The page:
NEW YORK (AP) - Gasoline futures hit a new record trading high of $1.1930 a gallon Thursday in New York as stories ranging from threats to crude supply to a refinery outage fueled traders' fears of insufficient inventories during the peak U.S. summer driving season.
"It looks to me that we will be testing $1.20 eventually," said Phil Flynn, an analyst who trades with Alaron Trading Corp. in Chicago. "We're going into the weekend tomorrow, and with concerns about terrorism, I'd have to say that the bull market's still on."
May gasoline futures settled at a new record of $1.1820 a gallon, up 4.77 cents or 4 percent in open outcry trading on the New York Mercantile Exchange.
June crude oil futures, meanwhile, settled up 98 cents at $36.71 a barrel after touching a high of $37.15 on Nymex.
Despite the spate of bullish news, James Steel, director of New York research for Refco Inc., a futures and options brokerage, said most of the market's gains were due to "short-covering" - buying from traders who had taken positions expecting prices to continue lower but who then had to catch up to the market moving higher.
"The market was concerned about refinery production," Steel said. "It was very confused about whether waivers would be granted or not for sulfur content, and it appears now they won't be. That drove the gasoline up all day. "
Steel said he expects to see a retrenchment Friday in crude and heating oil, which moved higher in sympathy with gasoline.
"Gasoline has a limit to the downside," he added, because of the persistent fear of tight supplies caused both by physical refining restraints and the myriad of refining specifications around the country.
Crude futures, he added, have not been able to climb above $37.50 a barrel, keeping it from the highs of the May contract so far.
Traders said crude futures gained initially on word that saboteurs late Wednesday blew up part of an oil pipeline carrying crude from Iraq's northern oil fields to a Baghdad refinery. An Iraqi Oil Ministry official confirmed the attack Thursday.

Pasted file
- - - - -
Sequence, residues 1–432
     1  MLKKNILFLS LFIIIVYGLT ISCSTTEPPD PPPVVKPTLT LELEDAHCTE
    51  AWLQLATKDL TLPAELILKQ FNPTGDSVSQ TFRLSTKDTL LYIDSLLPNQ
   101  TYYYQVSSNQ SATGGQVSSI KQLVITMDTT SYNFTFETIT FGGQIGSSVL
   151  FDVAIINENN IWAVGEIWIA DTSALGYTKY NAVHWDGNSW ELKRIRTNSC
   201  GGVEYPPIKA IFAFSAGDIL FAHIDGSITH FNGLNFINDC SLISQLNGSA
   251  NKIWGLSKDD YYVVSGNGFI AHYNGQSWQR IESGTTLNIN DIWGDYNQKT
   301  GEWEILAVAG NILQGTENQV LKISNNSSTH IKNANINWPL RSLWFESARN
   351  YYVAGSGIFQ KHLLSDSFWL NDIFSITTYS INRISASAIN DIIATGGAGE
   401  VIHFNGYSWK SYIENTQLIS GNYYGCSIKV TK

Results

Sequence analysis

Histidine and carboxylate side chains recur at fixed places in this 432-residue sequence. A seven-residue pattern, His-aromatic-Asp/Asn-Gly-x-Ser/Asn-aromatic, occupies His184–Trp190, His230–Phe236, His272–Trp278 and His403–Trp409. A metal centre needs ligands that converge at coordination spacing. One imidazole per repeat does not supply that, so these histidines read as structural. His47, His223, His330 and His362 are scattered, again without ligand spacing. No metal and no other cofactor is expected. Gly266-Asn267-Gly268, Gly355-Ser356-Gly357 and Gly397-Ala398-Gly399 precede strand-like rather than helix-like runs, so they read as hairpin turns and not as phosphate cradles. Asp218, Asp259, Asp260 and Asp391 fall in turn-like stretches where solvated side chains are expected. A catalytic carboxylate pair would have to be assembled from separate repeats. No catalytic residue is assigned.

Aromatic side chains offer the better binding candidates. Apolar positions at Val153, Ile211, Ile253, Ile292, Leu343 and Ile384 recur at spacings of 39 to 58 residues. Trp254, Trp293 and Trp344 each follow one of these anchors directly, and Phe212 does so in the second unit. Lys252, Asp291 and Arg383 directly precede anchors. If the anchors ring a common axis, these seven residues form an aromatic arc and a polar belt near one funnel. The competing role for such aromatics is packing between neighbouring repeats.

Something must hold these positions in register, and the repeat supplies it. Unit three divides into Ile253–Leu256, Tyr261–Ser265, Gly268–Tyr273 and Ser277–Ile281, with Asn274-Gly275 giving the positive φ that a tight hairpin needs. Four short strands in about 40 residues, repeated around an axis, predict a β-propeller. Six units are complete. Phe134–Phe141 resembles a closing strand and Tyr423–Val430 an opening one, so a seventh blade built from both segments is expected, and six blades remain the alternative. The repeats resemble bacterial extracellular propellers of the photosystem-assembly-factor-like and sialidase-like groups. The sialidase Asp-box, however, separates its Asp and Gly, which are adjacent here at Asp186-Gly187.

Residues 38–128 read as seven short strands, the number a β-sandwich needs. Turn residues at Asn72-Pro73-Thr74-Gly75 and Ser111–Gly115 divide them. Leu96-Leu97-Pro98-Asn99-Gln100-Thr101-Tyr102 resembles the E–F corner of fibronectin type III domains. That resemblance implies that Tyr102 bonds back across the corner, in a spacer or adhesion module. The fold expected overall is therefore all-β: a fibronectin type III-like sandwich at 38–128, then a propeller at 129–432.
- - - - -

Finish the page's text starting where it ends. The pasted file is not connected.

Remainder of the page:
Traders have been adding an ill-defined "security risk premium" to prices on fears of unrest in Iraq and the oil-rich Middle East region might spread to affect crude supplies to America.
Gasoline futures added to gains early in the afternoon on reports the Environmental Protection Agency won't relax sulfur requirements to allow more flexibility for foreign refiners to export gasoline.
Then came word that a 48,420 barrels a day fluid catalytic cracking unit at ConocoPhilips' Trainer, Pa., refinery was taken out of service for two weeks of planned turnaround maintenance.
Such refinery outages are seen directly affecting perceptions of tight gasoline supplies ahead of the peak demand U.S. summer driving season.
Crude traders responded bullishly to a news story that producers for the Organization of Petroleum Exporting Countries appear to have slashed 730,000 barrels a day of oil output in April, citing tanker-tracking firm Petrologistics.
Traders have been looking for indications that OPEC members are in fact implementing the 1.9 million daily barrels in cuts from the group's output ceiling announced since late last September.
The announcement of the cuts had been enough at the time to push crude prices to highs not seen since the buildup to the Persian Gulf War.
Lost in the news-led rally was a bearish report from a consultancy that tracks oil tanker movement saying Persian Gulf crude oil shipments to the west were seen high.
Tankers are carrying Persian Gulf oil to the west at levels normally seen only during peak winter demand, Oil Movements said Thursday.
May heating oil futures settled up 3.19 cents at 94.11 cents a gallon after touching a high of 94.90 cents.
May natural gas futures rose by 4.1 cents to $5.623 per 1,000 cubic feet.
On London's International Petroleum Exchange, June Brent blend crude oil futures gained 93 cents to settle at $33.39 a barrel after touching a high of $33.70.